RICHMOND, Va. (WRIC) — A new course for Richmond Public Schools has been created by community leaders for students to learn about the history of the city that may not often get told — “Real Richmond History.”
The course will slip right into the curriculum for Richmond high school students. It brings with it the opportunity to learn about the history of the city we live in — from life in Jackson Ward to the black-owned business that helped build the city we know today.
“There’s a whole lot about Richmond that kids weren’t really learning about,” said RPS Superintendent Jason Kamras, who believes the streets of Richmond have vast amounts of history that students could benefit from learning.
“Let’s take Jackson Ward. That was really the center of Black life in Richmond for many years — where Maggie Walker had her bank. Really learning, what really was Jackson Ward? What was it like to live there? And the story of building I-95 and I-64 right through it and how that was a very intentional decision aimed to disrupt that neighborhood,” Kamras said.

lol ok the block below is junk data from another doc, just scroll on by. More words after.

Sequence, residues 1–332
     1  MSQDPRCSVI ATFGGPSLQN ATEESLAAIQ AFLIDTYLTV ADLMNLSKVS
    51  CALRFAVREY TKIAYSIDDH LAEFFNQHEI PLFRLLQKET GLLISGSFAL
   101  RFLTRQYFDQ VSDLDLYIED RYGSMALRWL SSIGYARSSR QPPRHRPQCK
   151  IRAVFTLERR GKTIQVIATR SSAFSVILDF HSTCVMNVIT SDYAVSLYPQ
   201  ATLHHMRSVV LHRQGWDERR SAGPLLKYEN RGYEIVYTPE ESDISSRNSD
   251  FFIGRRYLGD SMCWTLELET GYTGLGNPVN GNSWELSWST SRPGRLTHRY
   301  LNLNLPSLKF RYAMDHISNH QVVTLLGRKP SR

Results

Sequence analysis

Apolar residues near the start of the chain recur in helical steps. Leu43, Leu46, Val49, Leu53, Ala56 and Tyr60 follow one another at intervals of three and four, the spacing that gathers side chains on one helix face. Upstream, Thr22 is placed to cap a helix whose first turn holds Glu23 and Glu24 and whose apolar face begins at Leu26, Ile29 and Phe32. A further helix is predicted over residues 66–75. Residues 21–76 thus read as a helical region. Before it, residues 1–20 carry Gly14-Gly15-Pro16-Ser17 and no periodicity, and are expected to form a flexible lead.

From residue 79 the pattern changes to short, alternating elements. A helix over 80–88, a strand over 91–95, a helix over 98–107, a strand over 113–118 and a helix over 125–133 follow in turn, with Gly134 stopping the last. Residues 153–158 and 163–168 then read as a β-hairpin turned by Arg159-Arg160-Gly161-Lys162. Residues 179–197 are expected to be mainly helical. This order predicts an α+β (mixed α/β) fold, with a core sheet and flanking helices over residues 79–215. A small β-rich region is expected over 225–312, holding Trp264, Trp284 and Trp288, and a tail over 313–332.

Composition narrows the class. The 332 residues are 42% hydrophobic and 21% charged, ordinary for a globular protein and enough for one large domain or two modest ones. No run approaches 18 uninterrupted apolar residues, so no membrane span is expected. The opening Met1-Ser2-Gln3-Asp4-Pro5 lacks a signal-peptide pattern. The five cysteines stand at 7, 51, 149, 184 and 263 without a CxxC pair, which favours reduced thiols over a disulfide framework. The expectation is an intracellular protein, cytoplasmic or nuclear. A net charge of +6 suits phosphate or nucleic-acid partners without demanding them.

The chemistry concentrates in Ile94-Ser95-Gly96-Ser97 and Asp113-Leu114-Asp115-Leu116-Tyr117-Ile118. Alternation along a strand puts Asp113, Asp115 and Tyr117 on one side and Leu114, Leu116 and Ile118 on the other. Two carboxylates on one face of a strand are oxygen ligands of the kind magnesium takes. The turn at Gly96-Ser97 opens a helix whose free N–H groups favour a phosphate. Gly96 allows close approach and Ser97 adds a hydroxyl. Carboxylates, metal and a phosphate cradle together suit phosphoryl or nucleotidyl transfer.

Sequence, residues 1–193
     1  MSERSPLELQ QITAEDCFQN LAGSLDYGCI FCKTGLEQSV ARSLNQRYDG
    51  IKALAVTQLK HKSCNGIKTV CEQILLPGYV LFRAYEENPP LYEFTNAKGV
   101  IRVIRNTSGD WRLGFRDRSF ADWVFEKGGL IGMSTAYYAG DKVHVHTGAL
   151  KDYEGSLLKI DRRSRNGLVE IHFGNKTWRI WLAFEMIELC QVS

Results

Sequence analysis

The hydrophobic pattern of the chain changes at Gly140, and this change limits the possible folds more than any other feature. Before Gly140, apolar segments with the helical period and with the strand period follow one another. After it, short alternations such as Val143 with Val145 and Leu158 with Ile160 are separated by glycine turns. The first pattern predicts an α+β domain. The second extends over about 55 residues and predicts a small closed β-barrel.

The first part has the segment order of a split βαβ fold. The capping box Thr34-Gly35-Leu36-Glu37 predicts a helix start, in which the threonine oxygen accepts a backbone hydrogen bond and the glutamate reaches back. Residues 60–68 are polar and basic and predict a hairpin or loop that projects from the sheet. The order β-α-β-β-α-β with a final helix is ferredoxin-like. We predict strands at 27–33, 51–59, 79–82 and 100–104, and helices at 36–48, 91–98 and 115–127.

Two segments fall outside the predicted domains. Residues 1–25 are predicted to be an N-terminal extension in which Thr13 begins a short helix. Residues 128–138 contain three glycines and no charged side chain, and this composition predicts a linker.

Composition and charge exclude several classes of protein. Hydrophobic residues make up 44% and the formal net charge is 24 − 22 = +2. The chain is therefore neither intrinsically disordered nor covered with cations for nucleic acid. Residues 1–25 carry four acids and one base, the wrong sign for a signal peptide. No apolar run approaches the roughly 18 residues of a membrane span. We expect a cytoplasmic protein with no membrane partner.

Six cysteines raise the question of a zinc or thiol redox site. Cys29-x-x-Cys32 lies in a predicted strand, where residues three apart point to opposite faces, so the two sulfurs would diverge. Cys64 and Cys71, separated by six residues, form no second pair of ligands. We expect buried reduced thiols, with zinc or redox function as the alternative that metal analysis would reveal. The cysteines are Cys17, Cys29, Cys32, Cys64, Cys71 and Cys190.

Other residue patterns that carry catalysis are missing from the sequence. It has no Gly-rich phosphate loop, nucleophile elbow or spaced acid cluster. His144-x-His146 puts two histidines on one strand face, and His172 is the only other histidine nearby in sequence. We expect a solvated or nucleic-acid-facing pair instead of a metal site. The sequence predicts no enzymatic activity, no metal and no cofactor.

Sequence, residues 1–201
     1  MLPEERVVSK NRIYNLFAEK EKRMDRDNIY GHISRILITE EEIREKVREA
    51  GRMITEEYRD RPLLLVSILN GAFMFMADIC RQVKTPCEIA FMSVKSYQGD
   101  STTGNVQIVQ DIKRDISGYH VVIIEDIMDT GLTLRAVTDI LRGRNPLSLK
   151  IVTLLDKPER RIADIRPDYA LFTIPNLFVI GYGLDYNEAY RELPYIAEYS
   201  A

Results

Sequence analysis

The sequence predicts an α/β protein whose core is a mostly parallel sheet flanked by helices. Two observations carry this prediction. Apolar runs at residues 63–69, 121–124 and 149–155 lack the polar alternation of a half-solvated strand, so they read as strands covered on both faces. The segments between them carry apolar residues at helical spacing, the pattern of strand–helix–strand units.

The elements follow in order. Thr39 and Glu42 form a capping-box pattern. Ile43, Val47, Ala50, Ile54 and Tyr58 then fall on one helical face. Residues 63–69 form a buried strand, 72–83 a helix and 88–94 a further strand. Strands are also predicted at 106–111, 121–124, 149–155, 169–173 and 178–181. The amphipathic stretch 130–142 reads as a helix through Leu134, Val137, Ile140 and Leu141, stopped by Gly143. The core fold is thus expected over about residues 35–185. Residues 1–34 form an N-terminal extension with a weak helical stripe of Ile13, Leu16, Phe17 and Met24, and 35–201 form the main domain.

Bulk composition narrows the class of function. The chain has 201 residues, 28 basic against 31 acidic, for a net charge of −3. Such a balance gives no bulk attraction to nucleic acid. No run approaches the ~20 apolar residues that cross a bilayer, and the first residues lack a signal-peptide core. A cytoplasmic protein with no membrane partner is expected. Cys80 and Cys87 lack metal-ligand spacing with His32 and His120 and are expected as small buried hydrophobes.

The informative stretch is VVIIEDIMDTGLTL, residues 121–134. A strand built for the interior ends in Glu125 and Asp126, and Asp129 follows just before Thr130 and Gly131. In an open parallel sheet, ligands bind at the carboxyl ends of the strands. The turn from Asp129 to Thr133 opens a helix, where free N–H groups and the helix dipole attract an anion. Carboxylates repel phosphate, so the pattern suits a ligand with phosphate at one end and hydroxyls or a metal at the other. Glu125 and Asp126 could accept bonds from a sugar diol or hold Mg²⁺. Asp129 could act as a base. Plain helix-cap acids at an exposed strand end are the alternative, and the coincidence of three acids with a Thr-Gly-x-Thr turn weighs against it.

The creation of the course was a collective effort between community leaders, museums, clergy, and many others who wanted students to see the good and the bad that’s happened in the City of Richmond throughout it’s history.
“Those are the kinds of stories that both have beauty in them, and also ugliness in them that we want our kids to understand and really have an appreciation for,” Kamras said.
Kamras says he initially planned on making the course an elective but now plans on making this course a requirement for students.
“We are also thinking about making this a required class for all RPS staff,” Kamras added. “It’s important that everyone that works in RPS also understands all the different facets of history here in Richmond.”
And with Confederate monuments being removed throughout the city, Kamras said now is the best time for children to learn and ask questions.
“It’s precisely because we are taking the monuments down now that a course like this is so important,” Kamras added. “So that kids understand, ‘why did we get here?’ and ‘why were those monuments there for so long?”
The course is set to launch in the fall, and Kamras says RPS might make modified versions of the course available for elementary and middle school students.
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